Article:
The million dollar question: how do you upgrade your datacenterby Johan De Gelas on April 7, 2009 12:00 AM EST
- Posted in
- IT Computing general
In our last article about server CPUs, I wrote:
"the challenge for AMD and Intel is to convince the rest of the market - that is 95% or so - that the new platforms provide a compelling ROI (Return On Investment). The most productive or intensively used servers in general get replaced every 3 to 5 years. Based on Intel's own inquiries, Intel estimates that the current installed base consists of 40% dual-core CPU servers and 40% servers with single-core CPUs."
At the end of the presentation of Pat Gelsinger (Intel) makes the point that replacing nine servers based on the old single core Xeons with one Xeon X5570 based server will result in a quick payback. Your lower energy bill will pay back your investment back in 8 months according to Intel.
Why these calculations are quite optimistic is beyond the scope of this blogpost, but suffice to say that Specjbb is a pretty bad benchmark to perform ROI calculations (it can be "inflated" too easiliy) and that Intel did not consider the amount of work it takes to install and configure those servers. However, Intel does have a point that replacing the old power hungry Xeons (irony...) will deliver a good return on investment.
In contrast, John Fruehe (AMD) is pointing out that you could upgrade dualcore Opteron based servers (the ones with four numbers in their modelnumbers and DDR-2) with hex-core AMD "Istanbul" CPUs. I must say that I encountered few companies who would actually bother upgrading CPUs, but his arguments make some sense as the CPU will still use the same kind of memory: DDR-2. As long as your motherboard supports it, you might just as well upgrade the BIOS, pull out your server, replace the 1 GB DIMMs with 4 GB DIMMs and replace the dual cores with hex-cores instead of replacing everything. It seems more cost effective than redo the cabling, reconfigure a new server and so on...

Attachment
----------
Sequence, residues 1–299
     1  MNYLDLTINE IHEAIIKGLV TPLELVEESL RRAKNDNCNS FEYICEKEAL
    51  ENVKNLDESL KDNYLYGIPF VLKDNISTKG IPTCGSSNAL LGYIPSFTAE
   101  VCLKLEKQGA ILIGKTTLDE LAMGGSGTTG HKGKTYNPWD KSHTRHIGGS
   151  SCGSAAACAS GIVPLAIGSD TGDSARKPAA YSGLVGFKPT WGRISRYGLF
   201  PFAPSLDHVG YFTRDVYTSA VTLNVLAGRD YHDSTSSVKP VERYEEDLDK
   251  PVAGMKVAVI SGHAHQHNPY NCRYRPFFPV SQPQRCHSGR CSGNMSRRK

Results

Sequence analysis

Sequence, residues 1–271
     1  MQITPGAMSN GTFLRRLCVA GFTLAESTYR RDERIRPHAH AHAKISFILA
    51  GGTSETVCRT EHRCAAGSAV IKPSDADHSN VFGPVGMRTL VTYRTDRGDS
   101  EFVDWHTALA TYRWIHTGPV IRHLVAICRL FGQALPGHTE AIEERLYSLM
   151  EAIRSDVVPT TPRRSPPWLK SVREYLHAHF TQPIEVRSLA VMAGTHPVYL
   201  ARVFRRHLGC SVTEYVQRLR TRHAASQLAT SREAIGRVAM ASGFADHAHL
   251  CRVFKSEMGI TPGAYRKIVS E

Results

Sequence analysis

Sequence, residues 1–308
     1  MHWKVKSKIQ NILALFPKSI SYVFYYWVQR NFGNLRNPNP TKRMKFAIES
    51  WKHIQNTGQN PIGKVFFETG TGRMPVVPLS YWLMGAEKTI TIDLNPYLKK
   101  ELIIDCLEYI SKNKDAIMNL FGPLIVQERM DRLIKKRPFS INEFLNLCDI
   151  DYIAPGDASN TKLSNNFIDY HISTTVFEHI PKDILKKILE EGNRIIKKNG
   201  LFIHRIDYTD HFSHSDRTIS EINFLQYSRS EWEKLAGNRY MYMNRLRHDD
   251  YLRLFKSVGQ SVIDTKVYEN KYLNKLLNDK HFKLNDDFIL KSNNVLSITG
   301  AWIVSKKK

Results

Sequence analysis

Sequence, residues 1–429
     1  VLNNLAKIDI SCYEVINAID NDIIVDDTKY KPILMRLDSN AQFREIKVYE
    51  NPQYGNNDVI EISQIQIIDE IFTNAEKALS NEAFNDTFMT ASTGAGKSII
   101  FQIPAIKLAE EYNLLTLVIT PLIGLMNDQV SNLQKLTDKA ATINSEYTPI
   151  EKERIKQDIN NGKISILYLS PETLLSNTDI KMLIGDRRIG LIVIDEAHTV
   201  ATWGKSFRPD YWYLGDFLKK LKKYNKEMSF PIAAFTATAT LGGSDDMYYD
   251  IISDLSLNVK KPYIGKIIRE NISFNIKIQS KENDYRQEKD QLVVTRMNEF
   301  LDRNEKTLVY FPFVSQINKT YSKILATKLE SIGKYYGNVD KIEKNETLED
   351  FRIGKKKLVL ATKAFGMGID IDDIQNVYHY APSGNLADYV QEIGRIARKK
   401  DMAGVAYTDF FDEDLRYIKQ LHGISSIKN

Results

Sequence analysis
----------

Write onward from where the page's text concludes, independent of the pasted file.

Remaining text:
There were two reasons why few professional IT people bothered with CPU upgrades:
- You could only upgrade to a slightly faster CPU. Upgrading a CPU to a higher clocked, but similar CPU rarely gave any decent performance increase that was worth the time. For example, the Opteron was launched at 1.8 GHz, and most servers you could buy at the end of 2003 were not upgradeable beyond 2.4 GHz.
- You could not make use of more CPU performance. With the exception of the HPC people, higher CPU performance rarely delivered anything more than even lower CPU percentage usage. So why bother?
AMD has also a point that both things have changed. The first reason may not be valid anymore if hex-cores do indeed work in a dualcore motherboard. The second reason is no longer valid as virtualization allows you to use the extra CPU horse power to consolidate more virtual servers on one physical machine. On the condition of course that the older server allows you to replace those old 1 GB DIMMs with a lot of 4 GB ones. I checked for example the HP DL585G2 and it does allow up to 128 GB of DDR-2.
So what is your opinion? Will replacing CPUs and adding memory to extend the lifetime of servers become more common? Or should we stick to replacing servers anyway?